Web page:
Namibia has thrown its support behind South Africa’s move to bring Israel to the International Court of Justice (ICJ), aiming to end its military operations in Gaza.
The case will be heard at the ICJ in The Hague, The Netherlands, today.
South Africa’s legal team will present their oral arguments, followed by Israel’s representatives, who will present their oral arguments tomorrow.
“On the basis of our firm position to the Palestinian cause, Namibia supports the timely initiative taken by the Republic of South Africa,” international relations and cooperation executive director Penda Naanda said yesterday.
He said Namibia supports international efforts promoting the rights of the Palestinian people, citing the Namibia’s history of facing illegal occupation and apartheid.
So far, more than 23 000 Palestinians have lost their lives, and close to 60 000 have been injured in Israeli attacks primarily focused on hospitals and residential areas.
The Israeli military operations were triggered after militant group Hamas launched an unprecedented assault on Israel from the Gaza Strip on 7 October, killing 1 200 people and taking about 240 hostages.
Naanda urged all states to fulfil their obligations and halt the ongoing acts of genocide against Palestinian people.
“Namibia would welcome the indication of provisional measures by the ICJ for Israel to immediately comply with its obligations under the 1948 Genocide Convention,” he said.
Namibia maintains the imposition of conditions in Gaza endangering the physical destruction of Palestinians qualify as genocide.
“No peace-loving human being can ignore the carnage waged against Palestinians in Gaza,” president Hage Geingob said during his New Year’s message recently.
The ICJ hearings will focus on addressing South Africa’s application seeking provisional measures.
South Africa’s request aims to safeguard the Palestinian people’s rights under the Genocide Convention, ensuring Israel’s compliance with its obligations to prevent and punish genocide and prevent further irreparable harm.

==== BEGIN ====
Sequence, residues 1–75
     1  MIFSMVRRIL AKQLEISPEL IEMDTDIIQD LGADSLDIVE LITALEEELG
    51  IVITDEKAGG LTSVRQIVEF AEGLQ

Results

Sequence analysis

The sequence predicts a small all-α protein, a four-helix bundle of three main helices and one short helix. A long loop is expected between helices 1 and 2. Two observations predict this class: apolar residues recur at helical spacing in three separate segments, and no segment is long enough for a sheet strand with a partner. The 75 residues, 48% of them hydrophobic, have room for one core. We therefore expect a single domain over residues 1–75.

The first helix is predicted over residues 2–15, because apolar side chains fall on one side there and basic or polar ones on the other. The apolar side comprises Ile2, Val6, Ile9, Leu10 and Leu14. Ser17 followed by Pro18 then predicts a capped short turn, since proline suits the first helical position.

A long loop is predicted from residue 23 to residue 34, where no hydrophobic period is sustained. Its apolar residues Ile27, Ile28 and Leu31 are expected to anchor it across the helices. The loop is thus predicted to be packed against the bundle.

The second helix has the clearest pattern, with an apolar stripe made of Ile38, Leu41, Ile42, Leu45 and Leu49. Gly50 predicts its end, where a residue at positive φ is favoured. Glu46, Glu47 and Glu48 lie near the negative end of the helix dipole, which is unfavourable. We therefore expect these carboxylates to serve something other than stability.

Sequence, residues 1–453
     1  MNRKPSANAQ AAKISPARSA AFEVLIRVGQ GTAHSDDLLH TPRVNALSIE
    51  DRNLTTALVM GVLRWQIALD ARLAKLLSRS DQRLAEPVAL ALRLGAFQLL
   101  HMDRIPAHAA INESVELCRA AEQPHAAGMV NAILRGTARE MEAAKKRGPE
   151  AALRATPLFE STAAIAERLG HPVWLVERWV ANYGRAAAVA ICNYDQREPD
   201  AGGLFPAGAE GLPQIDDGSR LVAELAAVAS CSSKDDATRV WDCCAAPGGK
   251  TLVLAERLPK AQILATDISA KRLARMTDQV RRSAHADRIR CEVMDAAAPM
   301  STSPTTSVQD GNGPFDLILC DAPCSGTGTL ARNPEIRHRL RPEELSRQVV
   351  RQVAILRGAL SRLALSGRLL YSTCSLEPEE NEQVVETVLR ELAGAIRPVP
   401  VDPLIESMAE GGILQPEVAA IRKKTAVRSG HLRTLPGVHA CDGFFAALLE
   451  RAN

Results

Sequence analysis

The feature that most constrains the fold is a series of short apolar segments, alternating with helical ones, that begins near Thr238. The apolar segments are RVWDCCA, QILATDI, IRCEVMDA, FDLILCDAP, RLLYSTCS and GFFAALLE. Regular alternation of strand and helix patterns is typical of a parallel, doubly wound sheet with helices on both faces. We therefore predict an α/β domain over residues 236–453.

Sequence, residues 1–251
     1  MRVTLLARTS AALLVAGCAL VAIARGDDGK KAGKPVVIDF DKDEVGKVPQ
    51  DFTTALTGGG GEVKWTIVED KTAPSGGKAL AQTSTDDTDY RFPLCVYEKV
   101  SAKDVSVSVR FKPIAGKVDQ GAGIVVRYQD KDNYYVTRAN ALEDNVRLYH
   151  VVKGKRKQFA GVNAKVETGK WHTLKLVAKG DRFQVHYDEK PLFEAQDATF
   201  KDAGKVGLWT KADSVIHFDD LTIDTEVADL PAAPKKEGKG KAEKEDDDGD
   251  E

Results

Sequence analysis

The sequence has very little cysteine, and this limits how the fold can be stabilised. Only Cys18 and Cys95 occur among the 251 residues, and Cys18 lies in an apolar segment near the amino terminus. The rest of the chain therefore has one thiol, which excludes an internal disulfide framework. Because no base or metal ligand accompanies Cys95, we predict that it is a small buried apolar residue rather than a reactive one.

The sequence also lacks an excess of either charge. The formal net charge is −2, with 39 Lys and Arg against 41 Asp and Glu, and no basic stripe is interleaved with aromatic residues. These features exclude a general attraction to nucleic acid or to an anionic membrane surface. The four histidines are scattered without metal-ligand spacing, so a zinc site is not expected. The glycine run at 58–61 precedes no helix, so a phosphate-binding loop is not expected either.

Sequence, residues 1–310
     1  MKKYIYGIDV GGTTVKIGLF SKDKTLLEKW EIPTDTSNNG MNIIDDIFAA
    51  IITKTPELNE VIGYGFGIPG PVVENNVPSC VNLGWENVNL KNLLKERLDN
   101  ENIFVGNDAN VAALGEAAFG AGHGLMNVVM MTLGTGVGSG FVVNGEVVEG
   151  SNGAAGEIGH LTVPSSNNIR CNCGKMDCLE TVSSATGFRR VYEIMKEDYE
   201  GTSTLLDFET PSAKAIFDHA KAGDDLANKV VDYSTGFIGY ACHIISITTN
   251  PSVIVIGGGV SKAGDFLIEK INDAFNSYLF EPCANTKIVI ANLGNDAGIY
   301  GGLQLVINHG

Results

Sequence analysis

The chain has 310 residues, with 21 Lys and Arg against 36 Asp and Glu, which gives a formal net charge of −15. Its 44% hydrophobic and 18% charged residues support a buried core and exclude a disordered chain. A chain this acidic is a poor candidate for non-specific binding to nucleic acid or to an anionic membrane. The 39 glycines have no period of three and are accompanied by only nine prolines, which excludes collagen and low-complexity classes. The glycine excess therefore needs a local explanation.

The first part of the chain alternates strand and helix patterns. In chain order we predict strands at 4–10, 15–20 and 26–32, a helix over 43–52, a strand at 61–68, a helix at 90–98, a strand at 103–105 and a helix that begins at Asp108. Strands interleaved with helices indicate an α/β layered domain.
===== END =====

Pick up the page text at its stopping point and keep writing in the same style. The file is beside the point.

According to a report by Al Jazeera, Eylon Levy, a spokesperson for Israeli prime minister Benjamin Netanyahu last Tuesday accused South Africa of “giving political and legal cover” to the 7 October Hamas attacks on Israel, which triggered the three-month-long war.
He said Israel will appear before the ICJ to dispel South Africa’s absurd reference to “blood libel”.
Tuliameni Kalomoh, Namibia’s former ambassador to the United States, has expressed pride in South Africa for its decision taken against Israel.
“My immediate reaction was pride and delight about the action South Africa has taken in support of the Palestinian people in the real genocide being committed by Israel against the Palestinian people.
“I was particularly proud as a citizen of Namibia, a country that suffered a genocide in the 20th century,” he said.
Kamoloh said the global community should not stand by and allow war to continue unabated.
“The people cannot stand with their arms folded in the face of an obvious criminal act of genocide committed by a heavily armed occupant against defenceless men, women and innocent children,” he said.
Progressive International in a statement on Monday said parties to the Genocide Convention are obliged to act to prevent genocide.
“A declaration of intervention filed with the ICJ in support of the South African case against Israel is one way to ensure that all acts of genocide are stopped and those responsible are held accountable,” the organisation said.
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